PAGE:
However, since 2011 lending to SMEs and OMBs from traditional UK sources has continued to decline, despite reports of there being (at least in theory) greater funding available in the market for this sector.  This is a consequence of the mainstream banks, of which, the big four high street banks hold a combined market share for business loans of 78%, applying underwriting criteria with greater rigour than previously was the case.  It appears that the resurgence of “covenant-light” lending has, so far, passed by the SME and OMB segment, with 50% of businesses less than five years old having a 50% rejection rate from banks. 
This scarcity is complicated by the difficulties faced by the sector to harness new equity finance on favourable terms.  Nonetheless, the greater penetration that alternative sources of finance (such as P2P, crowdfunding and the like, in addition to the more traditional methods such as invoice discounting) are achieving in the market goes some way towards offsetting this diminished offering.  The UK P2P sector alone has grown by 75% in 2015 to £1.26 billion.
Smaller businesses also complain that they suffer disproportionately from the oft-used tactic of delayed payments by their larger customers.  While there has been some supportive political noise, there have been little signs that governments are prepared to take concrete actions to redress this imbalance of financial power.
Specific SME restructuring concerns
Ownership structures are often a challenge when restructuring an SME, as these are often closely-held, with difficulties in providing new sources of funding.  Indeed, many businesses have exhausted the personal resources of their owners to contribute additional finance.  This is not helped by the insistence by many financial institutions that business owners provide personal guarantees to support the borrowing of their company.
In addition, generational issues often arise, when considering restructuring options.  The old adage of “it takes one generation to create a business, the next to sustain it and the third to dismantle it” does not seem to have passed into history.
Management issues also tend to come to the fore in any SME restructuring.  The entrepreneurial flair which had been the driving force behind the creation and the development of the enterprise can often cause complications where change is required.  Succession planning (or the lack of it) is invariably a nettle that has to be grasped, along with possible gaps in the management skills line-up.  In many cases this centres on financial management, where accounting and management information professionals have often been regarded as the “poor relations”, with the consequent difficulties in the provision of reliable data (in particular, forward-looking data and reliable cash forecasting), so essential in any restructuring scenario.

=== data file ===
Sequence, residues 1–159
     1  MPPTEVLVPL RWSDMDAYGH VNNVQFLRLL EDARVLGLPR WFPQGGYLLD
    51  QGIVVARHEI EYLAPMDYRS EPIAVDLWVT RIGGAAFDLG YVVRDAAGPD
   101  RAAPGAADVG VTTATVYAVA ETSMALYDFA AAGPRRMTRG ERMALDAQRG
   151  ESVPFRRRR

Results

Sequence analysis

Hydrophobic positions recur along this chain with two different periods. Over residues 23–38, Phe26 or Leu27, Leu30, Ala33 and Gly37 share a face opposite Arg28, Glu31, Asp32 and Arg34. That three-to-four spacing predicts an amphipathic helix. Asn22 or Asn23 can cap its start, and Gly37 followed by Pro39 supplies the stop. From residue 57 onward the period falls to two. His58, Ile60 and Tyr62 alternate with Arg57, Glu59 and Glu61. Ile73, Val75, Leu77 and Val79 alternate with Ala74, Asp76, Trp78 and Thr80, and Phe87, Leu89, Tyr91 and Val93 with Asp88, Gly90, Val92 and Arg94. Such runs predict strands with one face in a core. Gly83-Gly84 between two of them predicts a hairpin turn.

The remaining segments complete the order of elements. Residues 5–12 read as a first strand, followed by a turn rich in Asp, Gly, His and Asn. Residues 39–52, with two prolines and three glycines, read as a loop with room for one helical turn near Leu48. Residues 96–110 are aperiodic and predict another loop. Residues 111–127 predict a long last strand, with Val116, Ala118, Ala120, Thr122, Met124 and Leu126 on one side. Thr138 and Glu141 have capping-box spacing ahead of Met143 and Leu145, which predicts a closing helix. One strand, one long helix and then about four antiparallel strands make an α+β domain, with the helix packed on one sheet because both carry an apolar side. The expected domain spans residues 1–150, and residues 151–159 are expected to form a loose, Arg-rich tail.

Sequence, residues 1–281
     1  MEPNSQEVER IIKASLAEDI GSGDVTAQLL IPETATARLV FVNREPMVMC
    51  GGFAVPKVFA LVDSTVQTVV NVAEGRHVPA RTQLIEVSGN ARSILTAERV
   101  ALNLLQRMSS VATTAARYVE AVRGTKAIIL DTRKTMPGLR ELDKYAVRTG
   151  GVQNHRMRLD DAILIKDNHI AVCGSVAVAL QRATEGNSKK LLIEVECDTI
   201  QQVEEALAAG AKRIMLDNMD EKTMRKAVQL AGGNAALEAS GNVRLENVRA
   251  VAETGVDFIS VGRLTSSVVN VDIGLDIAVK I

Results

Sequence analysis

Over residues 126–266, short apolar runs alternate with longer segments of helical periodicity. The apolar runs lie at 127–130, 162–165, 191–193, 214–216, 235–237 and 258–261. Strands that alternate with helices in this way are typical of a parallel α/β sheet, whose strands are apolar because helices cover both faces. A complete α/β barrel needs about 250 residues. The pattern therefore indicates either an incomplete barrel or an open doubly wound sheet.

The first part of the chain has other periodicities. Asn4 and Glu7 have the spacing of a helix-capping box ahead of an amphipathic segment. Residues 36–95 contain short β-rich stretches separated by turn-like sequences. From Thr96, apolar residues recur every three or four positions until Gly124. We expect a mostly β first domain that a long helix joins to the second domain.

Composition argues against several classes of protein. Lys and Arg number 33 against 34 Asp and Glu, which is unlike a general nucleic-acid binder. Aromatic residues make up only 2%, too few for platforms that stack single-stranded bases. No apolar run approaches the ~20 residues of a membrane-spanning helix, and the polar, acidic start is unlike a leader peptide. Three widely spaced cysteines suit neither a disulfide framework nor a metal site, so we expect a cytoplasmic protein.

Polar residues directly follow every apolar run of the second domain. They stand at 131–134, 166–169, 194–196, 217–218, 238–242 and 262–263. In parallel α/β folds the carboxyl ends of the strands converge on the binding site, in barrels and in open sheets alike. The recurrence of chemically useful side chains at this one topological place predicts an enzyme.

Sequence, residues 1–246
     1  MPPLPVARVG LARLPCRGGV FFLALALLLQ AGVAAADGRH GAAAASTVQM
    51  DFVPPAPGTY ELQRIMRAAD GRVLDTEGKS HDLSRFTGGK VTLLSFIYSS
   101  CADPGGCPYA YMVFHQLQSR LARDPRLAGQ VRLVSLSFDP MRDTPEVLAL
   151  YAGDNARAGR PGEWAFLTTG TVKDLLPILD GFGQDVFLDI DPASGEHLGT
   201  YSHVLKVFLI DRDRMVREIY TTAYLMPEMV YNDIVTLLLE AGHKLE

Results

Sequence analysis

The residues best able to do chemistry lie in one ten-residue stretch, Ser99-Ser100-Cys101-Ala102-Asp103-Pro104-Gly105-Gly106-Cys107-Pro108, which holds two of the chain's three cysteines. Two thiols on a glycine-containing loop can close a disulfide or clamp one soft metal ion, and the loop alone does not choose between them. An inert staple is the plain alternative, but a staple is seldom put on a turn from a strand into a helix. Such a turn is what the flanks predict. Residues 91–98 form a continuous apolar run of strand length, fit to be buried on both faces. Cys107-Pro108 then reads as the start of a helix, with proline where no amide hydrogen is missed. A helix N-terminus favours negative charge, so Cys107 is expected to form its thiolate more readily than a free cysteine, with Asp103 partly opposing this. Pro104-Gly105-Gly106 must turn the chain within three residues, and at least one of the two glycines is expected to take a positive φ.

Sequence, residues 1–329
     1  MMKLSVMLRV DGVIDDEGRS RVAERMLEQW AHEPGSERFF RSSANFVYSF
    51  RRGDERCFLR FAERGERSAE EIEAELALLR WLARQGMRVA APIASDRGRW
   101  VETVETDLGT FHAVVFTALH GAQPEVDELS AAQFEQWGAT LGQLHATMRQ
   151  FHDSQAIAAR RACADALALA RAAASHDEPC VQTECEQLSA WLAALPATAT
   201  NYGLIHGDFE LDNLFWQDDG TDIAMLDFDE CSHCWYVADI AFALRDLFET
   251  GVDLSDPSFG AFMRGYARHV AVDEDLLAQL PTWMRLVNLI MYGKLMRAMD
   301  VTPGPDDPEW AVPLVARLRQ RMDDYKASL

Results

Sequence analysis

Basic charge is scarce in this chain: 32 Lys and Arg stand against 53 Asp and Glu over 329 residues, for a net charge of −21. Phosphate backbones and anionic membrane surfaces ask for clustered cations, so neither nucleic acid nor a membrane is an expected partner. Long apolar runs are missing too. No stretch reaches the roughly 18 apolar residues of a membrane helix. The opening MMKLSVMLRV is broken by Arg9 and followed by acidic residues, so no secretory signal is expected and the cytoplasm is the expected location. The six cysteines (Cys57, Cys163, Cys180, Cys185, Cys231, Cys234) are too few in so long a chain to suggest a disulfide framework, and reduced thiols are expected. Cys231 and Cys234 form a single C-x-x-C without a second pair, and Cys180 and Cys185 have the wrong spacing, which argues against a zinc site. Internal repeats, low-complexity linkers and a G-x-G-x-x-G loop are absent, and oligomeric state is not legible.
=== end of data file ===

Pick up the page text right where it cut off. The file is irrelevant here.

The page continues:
Many SMEs and OMBs have long-standing relationships with other stakeholders – employees, customers and suppliers, to name but a few.  These often create tremendous loyalty, which makes taking sometimes difficult decisions even more complex – achieving redundancies in a non-conflictive way, terminating an unprofitable traditional customer or achieving supplier price adjustments, for example, which, in a larger organisation, can be taken in a more dispassionate manner. 
Restructuring opportunities
Despite a seeming mass of difficulties, the SME and OMB segment does present a number of positives when embarking on a restructuring process. It may appear to be a wide generalisation, but these businesses are often less complex than large corporations. Where there is strong support from owner-managers, the implementation of operational improvements can, on many occasions, be achieved more quickly and more decisively, once traditional mindsets have been overcome.
Banking relations tend to be less complex.  It is unusual to come across multi-bank syndicated debt situations – more often than not, it will be a bilateral facility with a single bank.
The increasing availability of alternative sources of finance is providing more potential funding solutions for SME and OMG restructuring. As always, the challenges are there but, at least, now there are more potential solutions available.  

Colin Blessley works for Menzies LLP a leading chartered accountancy firm based in the South of England. Talk to us about our accounting, corporate tax, audit and business services. Fluent in Spanish and French, and competent in Portuguese and Italian, Colin has more than 35 years of corporate restructuring experience in the UK, Europe, North and Latin America. He has advised many multi-national and domestic clients on a wide variety of strategic corporate

In recent years, he has led restructuring advisory assignments for corporates and lenders alike, involving debt of more than £30 billion, covering a wide variety of business sectors, in particular; media, automotive, manufacturing and consumer products.

Colin can be contacted on +44 (0)20 7465 1937 or by email at